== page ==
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Isfahan form Qajar historians’ point of view

Isfahan form Qajar historians’ point of view

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Abdul Hussein Khan was the grandson of Muhammad Taqi Sepehr, the author of the famous book such as Nasakh al-Tawarikh. He worked at the State Department in youth at the age of 18 at the end of Nasser al-Din Shah's reign. Later he went to the court and served as secretary for Amin al-Sultan.

After the assassination of Nasser al-Din Shah in the court of Muzaffar al-Din Shah, he was appointed as teacher of the Shah, and after his father's death, he was first named as Malek al-Movarekhine and later from Sultan tasked as the historian of the court of Muzaffar al-Din al-Maqaf. Malik al-Movarekhine began publishing newspapers and writing critical articles in the late Mozaffar al-Din reign and advocated constitutionalists in the struggle between the constitutionalists and Mohammad Ali Shah. After the conquest of Tehran, he received the attention of Sardar Asad and, at his request, wrote Bakhtiari's history with the help of others. A few months after Samsam al-Saltanah resigned as prime minister, he left for Isfahan with him. Samsam live in a historical house in Iran during that time. Historical house accommodation in Iran were popular during Qajar era.

Samsam al-Saltanah was appointed as the ruler of Isfahan for the second time, and Malek Al-Movarekhin apparently came to Isfahan from the outskirts of Isfahan with the promise of the government of Borkhar and Marbin. But he argued that his rule over these areas and dealing with people's grievances was causing him a loss of income and lootings. Thus, he resigned from the government and returned to Tehran after less than four months in Isfahan for fear of mismanagement. In Tehran, he wrote memoirs of his travels to Isfahan, together with a description of the villages and suburbs of Isfahan, the history of the city from the time of Islam to the time of Nasser al-Din Shah, and other sources and monuments. During his stay in Isfahan, there were a luxury hotel in Isfahan which he used to visit sometimes.

 So the book is both author's travelogue and a kind of topography from Isfahan. But given the author's use of city geography from sources such as Mujam al-Baladan, Yakut Hamavi, Murat al-Baladan Etemad al-Saltanah, Shardan's Travelogue, etc., the book is worthy of describing the author's events, views, and information from his short stay in Esfahan. Author of important information on Isfahan's social situation, including people's living conditions, bread shortages, government, elections to the Third consul, involvement of foreign powers, especially Russians, in the affairs of the city and the oppression of some tribal leaders, including Samsam al-Saltanah offers. The book also contains useful information on describing the city's monuments and industries and the words that existed in Isfahan at the time of the author's residence in the city, which was a few months before the outbreak of World War I.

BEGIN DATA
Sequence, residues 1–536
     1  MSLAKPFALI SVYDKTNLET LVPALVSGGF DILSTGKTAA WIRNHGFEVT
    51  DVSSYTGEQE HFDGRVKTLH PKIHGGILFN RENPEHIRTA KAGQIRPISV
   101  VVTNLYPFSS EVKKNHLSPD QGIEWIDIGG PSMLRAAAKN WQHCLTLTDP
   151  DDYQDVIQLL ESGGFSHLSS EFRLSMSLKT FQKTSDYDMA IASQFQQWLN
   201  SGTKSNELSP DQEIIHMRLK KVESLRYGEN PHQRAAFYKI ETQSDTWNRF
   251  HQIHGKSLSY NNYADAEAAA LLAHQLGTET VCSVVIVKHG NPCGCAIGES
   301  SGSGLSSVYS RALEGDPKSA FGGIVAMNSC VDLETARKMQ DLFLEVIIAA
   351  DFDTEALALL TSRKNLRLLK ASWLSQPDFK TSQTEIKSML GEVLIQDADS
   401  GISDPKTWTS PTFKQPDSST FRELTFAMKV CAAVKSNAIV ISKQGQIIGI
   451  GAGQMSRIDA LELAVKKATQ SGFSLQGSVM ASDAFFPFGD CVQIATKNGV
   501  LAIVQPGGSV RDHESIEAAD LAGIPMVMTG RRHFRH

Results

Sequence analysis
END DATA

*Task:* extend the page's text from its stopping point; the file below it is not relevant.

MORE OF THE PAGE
Describe the status of the people on the way to Isfahan, such as Qom, Kashan and their villages, expressing the distance between villages, towns and houses, expressing bread prices and comparing prices in different areas, describing how roads and security are managed and the oppression of vice. Nayeb Hussein and his sons’ cruelty to the people of Kashan are other valuable facts in his books. However, the author may attribute the disruptions in Isfahan mainly to the clerics, due to a dispute with Samsam al-Saltanah that led to his resignation, and neglected the role of other influential factors in the city, such as nationals and agents of the sultanate, etc. He has been widely criticized for damaging the city's monuments. Also, his information on the details of the Russian consul general in Isfahan is incorrect and he quotes one of the Russian consulates instead.

 The following paragraph is an example of his description:

 We arrived in Isfahan in the early twenty-seventh. Mr. Samsam al-Saltanah had also arrived unnoticed last night. A few days later, residents came to see Samsam al-Saltanah. They gave his some gifts too. On the day of arrival, some people celebrated. However, the villagers are not happy about the arrival of the Samasam, some of the rich men of Isfahan are. The situation in Isfahan is bad because most of the people in the past have confined their readership to the Russians, British and Germans. The wealth of the population is much better than in other provinces of Iran, despite recent losses. The poor have a lot come and go in the alleys. There are fewer unemployed people than Tehran in Isfahan, and women generally make cotton and socks, and there is less unemployment among them. People make good parties. Its fruits are plentiful, especially melon and watermelon are abundant and cheap. This year, because wheat is scarce, the bread is a little hard and expensive to find, the price of bread is two Qerans and two Abbasis. Isfahan rice is good and expensive. Citrus fruits come from Fars. Zayandehrood River water flows through alleyways and streets of the city, although it declines in summer. Drinkable water is often from wells. If Three to four meters of the ground is dogged they will reach water. (Malek Al-Movarekhin, 1392: 19-18).

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